Thriller was one of the first things I ever saw on television – EVER. I would watch it, scream with fear and delight, then rewind it and watch the whole thing all over again.
Fast forward ten years or so and I was completely Jacko-ified. My friend Sophie and I would spend unhealthy amounts of time singing Jackson 5 tunes, watching the biopic, reading, re-enacting, talking…I even at one point could perform the entire Billy Jean choreography (albeit, with a pretty lame-ass moonwalk) and did so at every public opportunity, whether appropriate or not.
Then the first molestation case came to light – Sophie and I were adamant that this was a farce, a lame attempt to extract money from one of the richest and most talented people in the world. Together we even penned a song which we were sure deserved to be a top 40 hit, aptly titled Innocent Til Proven Guilty. From memory, the chorus went something like this:
Innocent til proven guilty
I knew I was right,
Knew the truth would come to light.
Innocent til proven gui-il-ty,
I knew I was right and now…
THEY. KNOW. TOO.
I know. Profound.
Then there was the Heal the World competition. When I first saw it advertised I all but wet myself with the excitement at the prospect of meeting my idol. The deal was you had to come up with an idea to heal the world, send it in and the best entries would be flown over to Neverland to meet Michael and hang out with him on his amusement rides, white gloves and all. I spent WEEKS working on my project, the details of which are now more than fuzzy, but I do remember it being quite a sizeable (and expensive) packet to post to the US of A. But I put in so much effort, I thought I was definitely in with a chance. Imagine my bitter, weeping disappointment when the comp was won not by me, not by some imaginative academic but by….two 7-year-old boys.
Then there was the concert. Soph and I lined up for hours to get tix, only to find that by the time we got near the front, the sellers could not sell us tickets on her mother’s credit card without her mum present. Then Sophie did something I have only ever seen her do twice in her entire life: she cried. Boy did she cry. She went up the front of the line, bawled her eyes out explaining what lengths we’d gone to just to be there, how Michael was all we really lived for and so on…all the while I’m standing back in our place in line wondering what the heck we’re going to do. All of a sudden Soph rocks back to me, tears down her cheeks but a smile on her face, grabs my hand and pulls me out of the line.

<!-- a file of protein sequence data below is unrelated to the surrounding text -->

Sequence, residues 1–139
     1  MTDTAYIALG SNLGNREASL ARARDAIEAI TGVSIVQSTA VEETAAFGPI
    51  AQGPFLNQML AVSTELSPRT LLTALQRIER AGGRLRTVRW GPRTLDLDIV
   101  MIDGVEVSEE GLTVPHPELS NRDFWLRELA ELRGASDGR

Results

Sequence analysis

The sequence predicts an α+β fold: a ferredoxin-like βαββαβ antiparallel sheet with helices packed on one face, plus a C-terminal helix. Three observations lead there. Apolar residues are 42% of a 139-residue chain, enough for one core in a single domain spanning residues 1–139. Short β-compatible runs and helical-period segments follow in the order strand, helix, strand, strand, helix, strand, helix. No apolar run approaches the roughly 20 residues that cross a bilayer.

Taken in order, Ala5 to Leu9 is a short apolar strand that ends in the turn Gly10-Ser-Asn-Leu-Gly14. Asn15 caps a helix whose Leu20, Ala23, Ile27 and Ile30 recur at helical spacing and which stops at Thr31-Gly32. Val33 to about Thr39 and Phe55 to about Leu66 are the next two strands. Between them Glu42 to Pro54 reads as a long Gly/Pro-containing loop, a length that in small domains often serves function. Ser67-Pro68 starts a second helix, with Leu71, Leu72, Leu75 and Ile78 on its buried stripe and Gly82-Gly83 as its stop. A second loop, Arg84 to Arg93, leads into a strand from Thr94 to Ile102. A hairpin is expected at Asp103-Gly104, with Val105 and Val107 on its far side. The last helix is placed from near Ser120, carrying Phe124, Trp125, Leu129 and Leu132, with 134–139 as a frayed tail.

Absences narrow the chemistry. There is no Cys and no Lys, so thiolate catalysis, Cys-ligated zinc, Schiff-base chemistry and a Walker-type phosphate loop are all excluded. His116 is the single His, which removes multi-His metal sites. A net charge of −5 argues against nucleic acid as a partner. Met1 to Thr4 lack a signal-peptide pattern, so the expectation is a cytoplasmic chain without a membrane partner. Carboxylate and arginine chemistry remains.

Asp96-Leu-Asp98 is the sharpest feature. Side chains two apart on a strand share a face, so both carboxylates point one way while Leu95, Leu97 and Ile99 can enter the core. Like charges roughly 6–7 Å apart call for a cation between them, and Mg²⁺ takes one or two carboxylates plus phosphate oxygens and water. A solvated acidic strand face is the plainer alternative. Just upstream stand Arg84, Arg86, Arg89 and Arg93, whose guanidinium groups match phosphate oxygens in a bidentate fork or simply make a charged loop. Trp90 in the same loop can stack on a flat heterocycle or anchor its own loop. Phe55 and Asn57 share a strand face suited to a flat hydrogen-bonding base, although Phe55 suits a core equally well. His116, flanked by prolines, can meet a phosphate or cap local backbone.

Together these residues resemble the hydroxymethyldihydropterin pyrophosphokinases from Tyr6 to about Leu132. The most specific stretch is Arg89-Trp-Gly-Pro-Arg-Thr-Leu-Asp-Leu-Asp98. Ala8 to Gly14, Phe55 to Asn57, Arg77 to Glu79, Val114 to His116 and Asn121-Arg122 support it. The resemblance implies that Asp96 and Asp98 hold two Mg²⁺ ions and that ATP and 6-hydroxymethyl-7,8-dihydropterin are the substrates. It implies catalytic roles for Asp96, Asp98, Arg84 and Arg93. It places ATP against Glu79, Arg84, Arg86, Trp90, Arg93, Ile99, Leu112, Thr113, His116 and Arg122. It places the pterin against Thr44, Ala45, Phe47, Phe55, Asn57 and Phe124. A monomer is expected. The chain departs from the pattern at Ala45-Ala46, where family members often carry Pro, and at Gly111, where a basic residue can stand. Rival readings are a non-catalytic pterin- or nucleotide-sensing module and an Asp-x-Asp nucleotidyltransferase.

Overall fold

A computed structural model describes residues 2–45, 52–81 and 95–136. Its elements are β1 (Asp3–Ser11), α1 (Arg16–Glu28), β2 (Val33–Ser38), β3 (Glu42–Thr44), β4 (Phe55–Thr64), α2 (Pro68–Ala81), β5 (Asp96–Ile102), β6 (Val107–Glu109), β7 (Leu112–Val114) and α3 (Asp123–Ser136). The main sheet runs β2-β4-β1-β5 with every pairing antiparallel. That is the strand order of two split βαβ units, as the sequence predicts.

“But, our place! I don’t want to lose it…” I protested.
“Come with me. Just come with me,” she whispered.
“Jen…we’ve got GOLDEN CIRCLE TICKETS!”
Somehow she’d managed to talk, cry and navigate her way into not only tickets full-stop, but tickets that were six…that’s right…SIX rows from the front! We all but caught his sweat – we made a sign saying “THROW US YOUR SHIRT!” which he didn’t, but the cameras caught us and so, I’m proud to say that for three seconds of my silly little life, I was on the big screen at a Michael Jackson concert.
The concert was a magnifique moment to be sure, though I do recall more than a few disappointments, for one just how completely choreographed it was (I guess I should have expected that) but with no really unique genuine ‘wow, you should have been there the night when…’ kinda moments. He yelled out “I love you!” a few times but it just seemed I dunno…planned. Then there was the routine to “Earth Song” (still one of my fave tunes), which involved a huge army tank rolling onto the stage, and a soldier coming out waving his gun at a ton of kids on the stage, until Michael stepped forward in the line of fire and put his hand up to the barrel of the gun, at which point the soldier realised the error of his ways, broke down on his knees and began crying.
So ironically, it was just after this landmark concert viewing experience that my passion for all things Michael began to fade. This may well have been around the point as molestation case number 2 came to light, I’m not sure. Either way, my obsession got transferred to other areas of my life, probably healthily so. So while I’ve still always loved the music and will never let “Billy Jean” go played without at least boogying part of the way along, I usually haven’t even so much as bothered with following him at all really.
So it was with very mixed feelings that I read of his death yesterday. Really, really detached on the one part, but really, really sad on the other – knowing that there was a time when he was, to my teenage self, a whole lotta something. As my hubby put it last night:”I guess everybody’s been grieving for Michael for a long time.”
When I asked him to clarify, he said (bearing in mind he is a complete chess fanatic): “Well it seems a bit like when Bobby Fischer died. There’s a certain level of real sadness there for what a talent has been lost. But then all the personal stuff that came with that talent became so kinda thwarted in a bad way that you can’t help but feel a bit weird about it.”
And in a strange way, that pretty much sums up my entire feeling. I feel really sad for the talent, the music, the artist, the Michael who gave me so much in the way of amazing music and entertainment, but I also feel like that person began crumbling an awfully long time ago. RIP.